Why Do Cuban (and Venezuelan) Human Rights Perpetrators Get U.S. Visas?

Tuesday, June 24, 2014
Cuban singer Tony Avila was recently given a visa to perform in the U.S.

This prompted the concern of Cuba's Ladies in White, who contend that Avila has participated in violent acts against peaceful democracy activists.

The Ladies in White are subject to weekly arrest and beatings by the Castro regime. To disrupt the group's meetings, security officials will often set-up concerts with free alcohol and bus-in loyalists to "repudiate" the democracy activists. As the alcohol flows, so does the violence.

A letter by 16 Ladies in White from the Matanzas province, where Avila hails from, states that he has not only led some of these concerts, but has insulted, harassed and physically assaulted the female activists.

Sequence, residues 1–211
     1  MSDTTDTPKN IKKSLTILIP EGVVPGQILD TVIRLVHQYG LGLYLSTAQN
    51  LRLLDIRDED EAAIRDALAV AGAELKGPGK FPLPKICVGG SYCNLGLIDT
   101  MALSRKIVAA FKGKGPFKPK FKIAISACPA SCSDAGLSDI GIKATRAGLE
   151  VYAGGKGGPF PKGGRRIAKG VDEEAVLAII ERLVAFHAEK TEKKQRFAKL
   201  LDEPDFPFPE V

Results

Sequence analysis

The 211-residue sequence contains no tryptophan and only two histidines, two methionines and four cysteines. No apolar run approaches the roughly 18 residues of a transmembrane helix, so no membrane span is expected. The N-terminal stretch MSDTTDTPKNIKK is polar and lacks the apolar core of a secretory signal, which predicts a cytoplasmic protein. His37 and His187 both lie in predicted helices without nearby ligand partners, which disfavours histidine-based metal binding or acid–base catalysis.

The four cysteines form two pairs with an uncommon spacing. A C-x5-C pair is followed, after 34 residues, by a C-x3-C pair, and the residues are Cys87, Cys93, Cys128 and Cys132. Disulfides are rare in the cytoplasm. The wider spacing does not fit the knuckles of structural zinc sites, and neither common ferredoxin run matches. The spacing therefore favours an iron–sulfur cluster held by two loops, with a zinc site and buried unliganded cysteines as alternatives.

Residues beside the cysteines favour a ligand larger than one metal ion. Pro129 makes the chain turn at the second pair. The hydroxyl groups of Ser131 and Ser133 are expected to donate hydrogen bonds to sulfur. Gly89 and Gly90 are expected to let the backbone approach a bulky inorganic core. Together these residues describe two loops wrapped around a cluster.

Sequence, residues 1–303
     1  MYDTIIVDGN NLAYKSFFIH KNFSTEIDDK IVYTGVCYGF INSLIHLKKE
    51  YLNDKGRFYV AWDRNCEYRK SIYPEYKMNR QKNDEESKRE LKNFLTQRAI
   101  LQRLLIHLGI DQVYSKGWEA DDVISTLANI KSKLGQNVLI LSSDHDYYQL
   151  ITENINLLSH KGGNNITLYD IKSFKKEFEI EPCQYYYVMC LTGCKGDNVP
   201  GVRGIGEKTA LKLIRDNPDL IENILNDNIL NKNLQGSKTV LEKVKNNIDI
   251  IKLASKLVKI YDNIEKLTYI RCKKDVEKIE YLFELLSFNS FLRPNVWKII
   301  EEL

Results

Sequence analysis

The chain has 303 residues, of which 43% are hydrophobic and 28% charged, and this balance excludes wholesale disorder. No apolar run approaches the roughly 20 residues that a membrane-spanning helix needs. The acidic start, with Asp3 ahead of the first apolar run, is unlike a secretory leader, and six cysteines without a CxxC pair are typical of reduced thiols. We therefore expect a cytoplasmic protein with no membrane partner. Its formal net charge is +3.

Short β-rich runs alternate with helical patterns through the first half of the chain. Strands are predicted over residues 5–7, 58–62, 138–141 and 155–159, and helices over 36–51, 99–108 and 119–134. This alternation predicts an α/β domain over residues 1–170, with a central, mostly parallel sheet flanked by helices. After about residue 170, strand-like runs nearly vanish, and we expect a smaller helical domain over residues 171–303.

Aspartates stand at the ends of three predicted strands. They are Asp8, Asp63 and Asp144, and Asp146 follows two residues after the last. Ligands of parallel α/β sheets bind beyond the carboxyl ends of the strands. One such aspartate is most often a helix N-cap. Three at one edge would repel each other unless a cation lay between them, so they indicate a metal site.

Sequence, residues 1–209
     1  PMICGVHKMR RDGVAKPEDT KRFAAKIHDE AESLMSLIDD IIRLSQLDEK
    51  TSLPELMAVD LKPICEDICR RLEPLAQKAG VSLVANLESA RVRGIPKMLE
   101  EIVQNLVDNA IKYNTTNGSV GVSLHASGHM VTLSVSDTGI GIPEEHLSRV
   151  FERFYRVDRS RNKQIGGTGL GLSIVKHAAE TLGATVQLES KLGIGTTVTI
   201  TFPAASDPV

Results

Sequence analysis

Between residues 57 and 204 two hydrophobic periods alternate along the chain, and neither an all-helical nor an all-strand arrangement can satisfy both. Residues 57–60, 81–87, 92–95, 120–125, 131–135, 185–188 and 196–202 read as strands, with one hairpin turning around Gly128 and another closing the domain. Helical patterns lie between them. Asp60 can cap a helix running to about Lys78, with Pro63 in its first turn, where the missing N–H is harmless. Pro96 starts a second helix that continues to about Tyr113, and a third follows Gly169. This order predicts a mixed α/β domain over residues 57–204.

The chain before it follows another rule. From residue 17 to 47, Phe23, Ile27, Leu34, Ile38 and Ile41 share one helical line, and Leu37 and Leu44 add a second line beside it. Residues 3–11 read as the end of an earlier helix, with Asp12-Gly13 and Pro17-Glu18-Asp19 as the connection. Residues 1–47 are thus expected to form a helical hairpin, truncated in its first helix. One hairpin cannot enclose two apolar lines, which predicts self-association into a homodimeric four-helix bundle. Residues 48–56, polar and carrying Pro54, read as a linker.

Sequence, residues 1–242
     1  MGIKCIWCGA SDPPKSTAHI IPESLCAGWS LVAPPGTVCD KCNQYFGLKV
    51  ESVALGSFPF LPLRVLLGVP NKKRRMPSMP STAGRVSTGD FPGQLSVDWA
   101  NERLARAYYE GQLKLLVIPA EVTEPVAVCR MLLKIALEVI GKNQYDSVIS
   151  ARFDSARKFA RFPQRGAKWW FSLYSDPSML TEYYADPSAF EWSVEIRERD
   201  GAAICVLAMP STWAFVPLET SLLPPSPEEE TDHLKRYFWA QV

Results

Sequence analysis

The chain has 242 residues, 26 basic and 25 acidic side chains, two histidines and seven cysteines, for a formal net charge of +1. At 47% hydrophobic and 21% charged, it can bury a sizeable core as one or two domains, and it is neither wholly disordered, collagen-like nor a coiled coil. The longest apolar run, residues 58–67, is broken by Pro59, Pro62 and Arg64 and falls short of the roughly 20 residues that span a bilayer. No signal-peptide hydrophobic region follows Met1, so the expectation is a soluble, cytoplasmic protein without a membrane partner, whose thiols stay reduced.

Meanwhile, former Cuban prisoner of conscience Ivan Hernandez Carrillo has also reported that Jose Suarez, who was director of the brutal Aguica Prison, is also visiting Miami.

This isn't new.

Despite President Obama's Presidential Proclamation 8697 of August 2011, which supposedly sought to "close the gap" in granting visas to foreign nationals affiliated with human rights violators, the State Department has continuously given visas to Castro's family, elites and human rights perpetrators.

Similarly, the State Department continues to "green-light" the Dadeland and Aventura shopping-sprees of Venezuela's "boligarchs" and repressors.

This sends a simple (and horrible) message: Repress innocent people and get rewarded by the U.S.

In contrast, the Obama Administration keeps slapping visa restrictions on Russians responsible for human rights violations against political opponents in the Ukraine.

Although for Russia's repressors, London is the main travel destination.

Go figure.